Creighton survey: Midwest manufacturing was in recession all of 2023

OMAHA — Iowa’s economy bucked the regional trend and improved slightly during March, but the monthly Creighton University survey of supply managers in Iowa and eight other Midwestern states finds the region’s manufacturing sector slipped into recession — and has been there for a while.

Creighton economist Ernie Goss says the overall Business Conditions Index fell below growth neutral for the third time in four months. “When it’s all said and done, that would be when the federal government revises their numbers later on this year, I think we’re going to be able to say that the manufacturing economy in the region was in a recession for all of 2023,” Goss says. “Now not a deep recession, just a dipping into negative territory for the year of 2023 and now beginning 2024.”

The index is measured on a zero-to-100 scale where 50 is considered growth neutral. Iowa’s Business Conditions Index for March improved to 51.8 from 49.3 in February. Goss says the employment situation for the region is bleak as the Midwest’s manufacturing sector lost jobs for a third straight month.  “27.3% of supply managers reported job losses for the month and job openings were down for all nine states over the past 12 months,” Goss says. “So the job market’s definitely weakening, but overall remains okay. Now, the manufacturing numbers are not good and that’s what we’re reporting on here.”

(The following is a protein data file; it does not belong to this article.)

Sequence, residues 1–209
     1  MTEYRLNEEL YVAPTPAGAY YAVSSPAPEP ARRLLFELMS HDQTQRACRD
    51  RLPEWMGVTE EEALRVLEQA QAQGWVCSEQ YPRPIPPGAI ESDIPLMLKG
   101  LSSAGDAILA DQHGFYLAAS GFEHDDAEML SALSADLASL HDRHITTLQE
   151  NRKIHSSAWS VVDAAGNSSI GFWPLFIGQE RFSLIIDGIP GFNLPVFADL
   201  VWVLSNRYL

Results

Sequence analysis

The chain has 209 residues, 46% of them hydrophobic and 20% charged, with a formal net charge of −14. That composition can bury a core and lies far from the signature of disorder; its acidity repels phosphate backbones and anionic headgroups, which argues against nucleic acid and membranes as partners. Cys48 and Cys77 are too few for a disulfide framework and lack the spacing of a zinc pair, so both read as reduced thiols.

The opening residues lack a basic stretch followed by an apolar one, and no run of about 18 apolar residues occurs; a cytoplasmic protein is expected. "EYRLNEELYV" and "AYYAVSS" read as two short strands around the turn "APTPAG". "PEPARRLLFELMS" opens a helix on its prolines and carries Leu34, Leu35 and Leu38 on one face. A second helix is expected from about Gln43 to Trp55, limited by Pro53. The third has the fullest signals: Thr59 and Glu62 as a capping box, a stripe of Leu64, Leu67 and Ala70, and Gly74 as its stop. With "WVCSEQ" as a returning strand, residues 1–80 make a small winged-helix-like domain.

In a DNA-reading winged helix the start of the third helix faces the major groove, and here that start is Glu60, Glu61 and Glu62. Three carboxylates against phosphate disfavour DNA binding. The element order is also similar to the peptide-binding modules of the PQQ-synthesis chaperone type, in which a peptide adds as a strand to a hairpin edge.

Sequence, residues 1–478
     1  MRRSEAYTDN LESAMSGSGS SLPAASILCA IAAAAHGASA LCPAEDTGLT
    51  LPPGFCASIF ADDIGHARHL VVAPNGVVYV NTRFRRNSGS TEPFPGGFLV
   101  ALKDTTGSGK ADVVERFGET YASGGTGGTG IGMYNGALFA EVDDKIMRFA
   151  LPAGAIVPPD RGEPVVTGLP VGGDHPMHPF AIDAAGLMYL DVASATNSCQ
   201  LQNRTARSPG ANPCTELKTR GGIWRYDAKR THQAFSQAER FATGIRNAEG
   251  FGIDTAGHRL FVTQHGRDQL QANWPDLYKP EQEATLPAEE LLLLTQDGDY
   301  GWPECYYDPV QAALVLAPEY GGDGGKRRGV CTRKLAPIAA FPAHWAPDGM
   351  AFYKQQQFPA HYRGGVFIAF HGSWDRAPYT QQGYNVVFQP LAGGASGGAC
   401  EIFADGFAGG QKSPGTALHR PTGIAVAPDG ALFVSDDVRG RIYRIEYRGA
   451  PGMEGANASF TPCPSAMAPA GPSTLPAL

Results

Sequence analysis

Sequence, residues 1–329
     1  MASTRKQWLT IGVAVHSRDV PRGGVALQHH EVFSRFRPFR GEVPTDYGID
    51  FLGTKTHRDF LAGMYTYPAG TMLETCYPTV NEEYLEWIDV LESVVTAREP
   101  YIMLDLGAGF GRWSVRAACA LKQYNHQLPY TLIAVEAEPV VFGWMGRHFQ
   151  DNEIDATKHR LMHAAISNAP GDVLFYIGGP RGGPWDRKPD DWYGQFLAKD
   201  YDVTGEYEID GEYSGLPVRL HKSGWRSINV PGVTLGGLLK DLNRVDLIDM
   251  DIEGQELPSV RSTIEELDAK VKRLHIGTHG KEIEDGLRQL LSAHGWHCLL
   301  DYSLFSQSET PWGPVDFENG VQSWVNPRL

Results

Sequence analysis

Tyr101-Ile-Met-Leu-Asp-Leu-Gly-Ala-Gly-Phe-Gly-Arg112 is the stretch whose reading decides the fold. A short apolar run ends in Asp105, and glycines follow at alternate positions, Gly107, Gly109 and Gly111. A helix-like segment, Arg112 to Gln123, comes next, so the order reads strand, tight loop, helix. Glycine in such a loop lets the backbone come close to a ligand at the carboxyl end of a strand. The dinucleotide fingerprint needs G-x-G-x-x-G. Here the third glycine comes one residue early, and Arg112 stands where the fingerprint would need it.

Wholesale prices climbed to the highest level in more than a year, and the report shows March’s inflation reading is the highest since February of 2023. Goss says last week’s deadly bridge collapse that blocked the port of Baltimore, Maryland is having ripple effects well into the Midwest.  “That’s going to mean supply chain disruptions,” Goss says. “There will be more supply chain disruptions moving forward than we’ve seen in the past. Most of the survey was conducted before the disaster in Baltimore, so I expect the numbers to worsen in terms of supply chain disruptions in the weeks and months ahead.”

According to the latest month’s U.S. Bureau of Labor Statistics data, there were two job openings for every unemployed worker in Iowa, which is the same ratio recorded 12 months ago.